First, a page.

But here’s a tip, don’t binge on Battlestar Galactica – the end won’t bring you catharsis, just disappointment.

Questions of the day: Do you binge watch TV?  What show do you recommend binging on?  Also, do you understand The Smoking Man?  Cause if you could explain him, that would be great!

Formerly MaggieCakes, Maggie (not Margaret) covers technology’s impact on culture, specifically on how we interact or connect with each other. Have a question or an idea you’d like me to write about? Leave a comment, or send me an e-mail: moc.teragramtoneiggam@eiggam

8 Responses to “Go Ahead, Have that Affair with Fox Mulder”

  1. Minnesota Transplant July 10, 2012 at 9:24 pm #

    Binge watch “Breaking Bad”! So bad it’s good.

    • Maggie O'Toole July 11, 2012 at 6:34 am #

      Thanks for the recommendation. I’ve heard so many good things about that series! I just got caught up on Downton Abbey, so I’m currently in the market for a new show to binge on. I’ll give Breaking Bad a try.

  2. Morgan Mussell July 10, 2012 at 11:02 pm #

    No one ever understood the smoking man. I personally don’t binge-watch TV because it makes me restless, and after a favorite show’s run is over, seeing old episodes is sometimes depressing because I know there won’t be anymore (eg., Northern Exposure).

    On the other hand the notion that we cannot experience the essence of the TV experience without following the two or three essential story arcs is the most academically pompous drivel I’ve come across in some time.

    • Maggie O'Toole July 13, 2012 at 6:29 am #

      So it’s not just me! And, you don’t need to be depressed when a show’s over. Sometimes an active fan community can really bring the show back for more, e.g. Firefly and Arrested Development.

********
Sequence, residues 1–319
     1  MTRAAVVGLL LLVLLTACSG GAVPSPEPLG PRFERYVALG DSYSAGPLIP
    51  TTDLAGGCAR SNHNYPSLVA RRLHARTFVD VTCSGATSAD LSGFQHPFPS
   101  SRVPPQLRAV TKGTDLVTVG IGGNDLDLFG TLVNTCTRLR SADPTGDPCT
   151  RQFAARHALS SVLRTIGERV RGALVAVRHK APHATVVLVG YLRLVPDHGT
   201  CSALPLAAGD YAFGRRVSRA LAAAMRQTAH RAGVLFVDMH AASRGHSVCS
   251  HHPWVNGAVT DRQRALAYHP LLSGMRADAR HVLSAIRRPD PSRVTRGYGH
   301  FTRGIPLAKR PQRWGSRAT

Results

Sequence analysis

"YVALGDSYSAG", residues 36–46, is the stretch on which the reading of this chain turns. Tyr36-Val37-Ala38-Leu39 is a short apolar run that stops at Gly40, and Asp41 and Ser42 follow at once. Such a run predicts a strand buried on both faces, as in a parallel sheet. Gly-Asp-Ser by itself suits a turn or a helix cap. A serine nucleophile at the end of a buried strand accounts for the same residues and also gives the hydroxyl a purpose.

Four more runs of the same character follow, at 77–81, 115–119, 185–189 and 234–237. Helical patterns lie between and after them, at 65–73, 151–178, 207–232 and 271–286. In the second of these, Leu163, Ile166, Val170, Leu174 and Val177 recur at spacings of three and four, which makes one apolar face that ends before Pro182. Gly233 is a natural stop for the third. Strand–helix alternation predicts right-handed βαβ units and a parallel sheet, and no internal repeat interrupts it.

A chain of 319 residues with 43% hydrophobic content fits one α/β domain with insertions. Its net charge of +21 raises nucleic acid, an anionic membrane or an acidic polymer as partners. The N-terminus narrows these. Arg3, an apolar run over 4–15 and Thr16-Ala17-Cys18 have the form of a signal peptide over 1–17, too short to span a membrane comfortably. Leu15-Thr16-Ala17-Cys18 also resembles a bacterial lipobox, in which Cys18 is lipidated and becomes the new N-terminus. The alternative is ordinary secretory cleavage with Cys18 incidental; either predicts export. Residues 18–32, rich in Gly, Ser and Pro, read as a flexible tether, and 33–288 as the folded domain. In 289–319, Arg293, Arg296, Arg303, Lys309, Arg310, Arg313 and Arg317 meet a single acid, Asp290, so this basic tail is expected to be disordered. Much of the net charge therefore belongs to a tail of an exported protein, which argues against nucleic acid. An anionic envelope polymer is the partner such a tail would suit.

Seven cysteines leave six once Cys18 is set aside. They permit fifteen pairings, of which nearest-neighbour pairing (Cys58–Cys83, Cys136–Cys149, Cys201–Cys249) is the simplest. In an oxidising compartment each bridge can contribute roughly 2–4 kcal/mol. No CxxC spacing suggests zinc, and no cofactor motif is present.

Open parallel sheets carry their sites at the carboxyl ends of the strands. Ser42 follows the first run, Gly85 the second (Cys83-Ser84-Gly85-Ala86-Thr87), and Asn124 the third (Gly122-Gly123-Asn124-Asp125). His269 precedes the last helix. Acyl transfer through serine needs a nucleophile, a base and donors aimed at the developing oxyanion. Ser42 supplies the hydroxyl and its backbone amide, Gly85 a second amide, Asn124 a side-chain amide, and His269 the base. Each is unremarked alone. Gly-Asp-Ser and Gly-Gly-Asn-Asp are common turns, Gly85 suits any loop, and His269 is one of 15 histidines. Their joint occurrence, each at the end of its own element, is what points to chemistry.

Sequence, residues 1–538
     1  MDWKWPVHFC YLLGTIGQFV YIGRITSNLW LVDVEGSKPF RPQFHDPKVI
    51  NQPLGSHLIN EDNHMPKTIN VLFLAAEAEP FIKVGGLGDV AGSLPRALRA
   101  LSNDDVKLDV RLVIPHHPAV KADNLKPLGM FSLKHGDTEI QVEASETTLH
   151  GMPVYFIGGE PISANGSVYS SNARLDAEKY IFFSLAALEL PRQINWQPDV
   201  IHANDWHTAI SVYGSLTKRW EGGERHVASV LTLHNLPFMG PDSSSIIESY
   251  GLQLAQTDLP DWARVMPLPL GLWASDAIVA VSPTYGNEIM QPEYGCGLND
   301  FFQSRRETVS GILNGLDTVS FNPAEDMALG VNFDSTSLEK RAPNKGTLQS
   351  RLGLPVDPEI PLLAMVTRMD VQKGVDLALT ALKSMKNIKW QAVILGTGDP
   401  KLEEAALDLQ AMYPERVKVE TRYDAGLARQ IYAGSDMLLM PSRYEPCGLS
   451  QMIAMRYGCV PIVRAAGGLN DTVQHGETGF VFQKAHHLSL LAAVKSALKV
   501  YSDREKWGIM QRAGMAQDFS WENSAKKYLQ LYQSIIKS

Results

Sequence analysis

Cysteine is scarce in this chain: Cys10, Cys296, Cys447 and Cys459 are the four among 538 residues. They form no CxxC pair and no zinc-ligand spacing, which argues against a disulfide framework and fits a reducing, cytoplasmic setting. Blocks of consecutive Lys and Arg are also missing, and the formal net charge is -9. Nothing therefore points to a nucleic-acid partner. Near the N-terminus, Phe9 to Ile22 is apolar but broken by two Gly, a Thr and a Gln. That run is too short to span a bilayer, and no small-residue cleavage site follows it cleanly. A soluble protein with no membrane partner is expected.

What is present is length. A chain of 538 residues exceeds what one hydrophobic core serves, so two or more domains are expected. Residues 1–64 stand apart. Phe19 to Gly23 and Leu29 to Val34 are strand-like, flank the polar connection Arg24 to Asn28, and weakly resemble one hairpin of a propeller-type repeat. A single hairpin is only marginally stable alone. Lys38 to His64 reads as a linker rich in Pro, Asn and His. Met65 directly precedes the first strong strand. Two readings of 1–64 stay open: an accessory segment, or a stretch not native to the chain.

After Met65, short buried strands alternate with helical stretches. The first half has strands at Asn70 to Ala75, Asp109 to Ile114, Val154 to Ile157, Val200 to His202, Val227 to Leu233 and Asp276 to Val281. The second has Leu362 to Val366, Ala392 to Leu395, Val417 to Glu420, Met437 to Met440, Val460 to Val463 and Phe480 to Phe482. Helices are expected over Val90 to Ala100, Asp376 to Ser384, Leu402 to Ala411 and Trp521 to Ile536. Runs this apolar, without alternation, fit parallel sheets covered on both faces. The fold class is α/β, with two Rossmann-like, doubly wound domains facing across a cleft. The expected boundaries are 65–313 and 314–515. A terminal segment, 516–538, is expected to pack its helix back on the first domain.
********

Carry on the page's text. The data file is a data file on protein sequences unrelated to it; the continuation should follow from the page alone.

As to the last part of your comment, clearly you haven’t been hanging out in the right parts of the internet. Compared to what I see most days, that barely ranks as academically pompous drivel!

  3. bardicblogger July 11, 2012 at 12:20 pm #

    From what I remember, Cancer Man (CSM) was someone who appeared to be a government villain but was actually just someone who just knew too much about the aliens plans for colonization and participated in immoral activities and cover-ups. He was also actually Mulders biological father. He, Mulder’s other father and other members of the Syndicate all had to allow one family member to be abducted. Mulder’s father chose Samantha and CSM chose his wife. Binge-watching can be great as long as there’s plenty to watch 🙂

    • Maggie O'Toole July 13, 2012 at 6:31 am #

      Wow, that’s the most cohesive explanation of the character that I’ve ever read! But, the story’s so convoluted that you explanation actually makes me feel better about not getting it before.

      • bardicblogger July 13, 2012 at 7:57 am #

        Thanks. It was always a bit confusing but then that’s what I liked about the X-Files. That and hunky Mulder…

  4. Felicia July 17, 2012 at 4:34 pm #

    Hey Maggie, I loved your take on the Slate article. HuffPost Live is streaming a discussion on TV binging and we would love for you to be apart of the conversation. Please email me if interested. Thanks!